Aerosols have in recent years been given increased attention due to their effects on climate and health. Drastic reductions in sulphur emissions in Europe during the last two decades have led to a larger relative importance of nitrate aerosols. However, large uncertainties still exist in the representation of nitrate in atmospheric models.
In this thesis heterogeneous reactions of HNO3 on dust and sea-salt, representing a major pathway of nitrate formation, have been implemented in the Unified EMEP model. A kinetic approach has been used assuming a total reaction in the direction towards nitrate. The aim of this thesis has been to investigate whether reactions of HNO3 on dust and sea-salt can improve the Unified EMEP model's performance in terms of nitrate compounds. A stepwise approach has been chosen to implement the different processes and reaction sites one after another.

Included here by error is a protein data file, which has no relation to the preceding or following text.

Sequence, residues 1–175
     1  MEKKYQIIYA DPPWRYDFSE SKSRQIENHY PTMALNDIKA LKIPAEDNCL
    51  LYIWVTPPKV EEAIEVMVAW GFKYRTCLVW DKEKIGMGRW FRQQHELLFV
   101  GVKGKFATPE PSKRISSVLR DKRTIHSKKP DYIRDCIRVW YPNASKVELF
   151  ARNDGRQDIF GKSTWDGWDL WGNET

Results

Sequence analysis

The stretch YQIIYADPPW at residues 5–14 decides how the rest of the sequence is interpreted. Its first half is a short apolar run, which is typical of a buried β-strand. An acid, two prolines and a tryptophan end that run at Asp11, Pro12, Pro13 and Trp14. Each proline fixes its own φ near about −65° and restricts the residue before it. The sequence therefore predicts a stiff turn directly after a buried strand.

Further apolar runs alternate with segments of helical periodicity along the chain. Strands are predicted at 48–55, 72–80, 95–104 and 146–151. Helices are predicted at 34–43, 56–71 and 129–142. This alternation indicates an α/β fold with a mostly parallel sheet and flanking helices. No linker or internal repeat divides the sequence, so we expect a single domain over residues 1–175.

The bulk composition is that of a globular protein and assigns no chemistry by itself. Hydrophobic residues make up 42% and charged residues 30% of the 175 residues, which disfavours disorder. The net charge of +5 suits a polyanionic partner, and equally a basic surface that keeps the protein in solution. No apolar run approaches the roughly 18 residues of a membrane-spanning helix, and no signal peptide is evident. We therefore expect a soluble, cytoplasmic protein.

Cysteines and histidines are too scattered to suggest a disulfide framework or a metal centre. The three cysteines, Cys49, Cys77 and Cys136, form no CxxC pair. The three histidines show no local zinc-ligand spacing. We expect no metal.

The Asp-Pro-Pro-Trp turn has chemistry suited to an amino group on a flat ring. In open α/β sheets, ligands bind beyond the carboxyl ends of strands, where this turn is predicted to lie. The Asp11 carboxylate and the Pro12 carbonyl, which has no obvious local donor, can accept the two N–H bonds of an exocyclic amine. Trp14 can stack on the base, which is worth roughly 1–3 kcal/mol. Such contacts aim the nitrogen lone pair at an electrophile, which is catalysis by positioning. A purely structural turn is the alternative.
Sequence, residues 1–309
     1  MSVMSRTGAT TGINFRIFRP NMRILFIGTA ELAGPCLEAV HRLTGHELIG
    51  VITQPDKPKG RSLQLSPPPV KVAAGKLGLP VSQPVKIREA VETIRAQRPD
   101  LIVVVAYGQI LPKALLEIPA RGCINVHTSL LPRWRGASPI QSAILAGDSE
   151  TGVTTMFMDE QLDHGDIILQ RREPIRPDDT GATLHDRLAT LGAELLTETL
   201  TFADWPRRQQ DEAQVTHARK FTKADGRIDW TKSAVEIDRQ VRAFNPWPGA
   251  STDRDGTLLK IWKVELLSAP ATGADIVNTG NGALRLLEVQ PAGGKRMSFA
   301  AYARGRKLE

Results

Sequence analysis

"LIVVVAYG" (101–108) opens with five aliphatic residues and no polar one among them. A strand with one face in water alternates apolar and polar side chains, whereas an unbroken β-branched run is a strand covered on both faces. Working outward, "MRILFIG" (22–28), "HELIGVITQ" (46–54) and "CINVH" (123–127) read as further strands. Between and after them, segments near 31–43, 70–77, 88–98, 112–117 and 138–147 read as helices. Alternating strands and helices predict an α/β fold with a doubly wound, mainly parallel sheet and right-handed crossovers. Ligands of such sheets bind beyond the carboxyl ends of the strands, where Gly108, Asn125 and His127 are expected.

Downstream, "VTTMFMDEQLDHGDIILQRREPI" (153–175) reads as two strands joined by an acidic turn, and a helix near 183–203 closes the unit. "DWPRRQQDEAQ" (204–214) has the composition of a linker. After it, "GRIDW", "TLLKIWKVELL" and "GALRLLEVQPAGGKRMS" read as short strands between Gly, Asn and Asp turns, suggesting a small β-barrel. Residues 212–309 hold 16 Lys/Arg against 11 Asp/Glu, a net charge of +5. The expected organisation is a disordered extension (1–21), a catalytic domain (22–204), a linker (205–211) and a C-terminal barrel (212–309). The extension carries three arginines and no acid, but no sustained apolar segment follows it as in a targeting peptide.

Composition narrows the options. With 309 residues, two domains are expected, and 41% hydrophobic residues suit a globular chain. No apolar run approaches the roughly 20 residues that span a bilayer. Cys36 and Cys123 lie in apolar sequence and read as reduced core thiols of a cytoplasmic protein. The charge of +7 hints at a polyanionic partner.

In June 2006 and January 2007 two intensive measurement campaigns where conducted, which separated coarse and fine nitrate. In this thesis, the results of the new nitrate implementation have been evaluated in detail against these and other measurements within the EMEP network, showing that the temporal correlation of coarse nitrate has clearly improved. However, it has also been found that the implementation yields too small values of coarse nitrate over land. This negative bias will be an important issue for future work.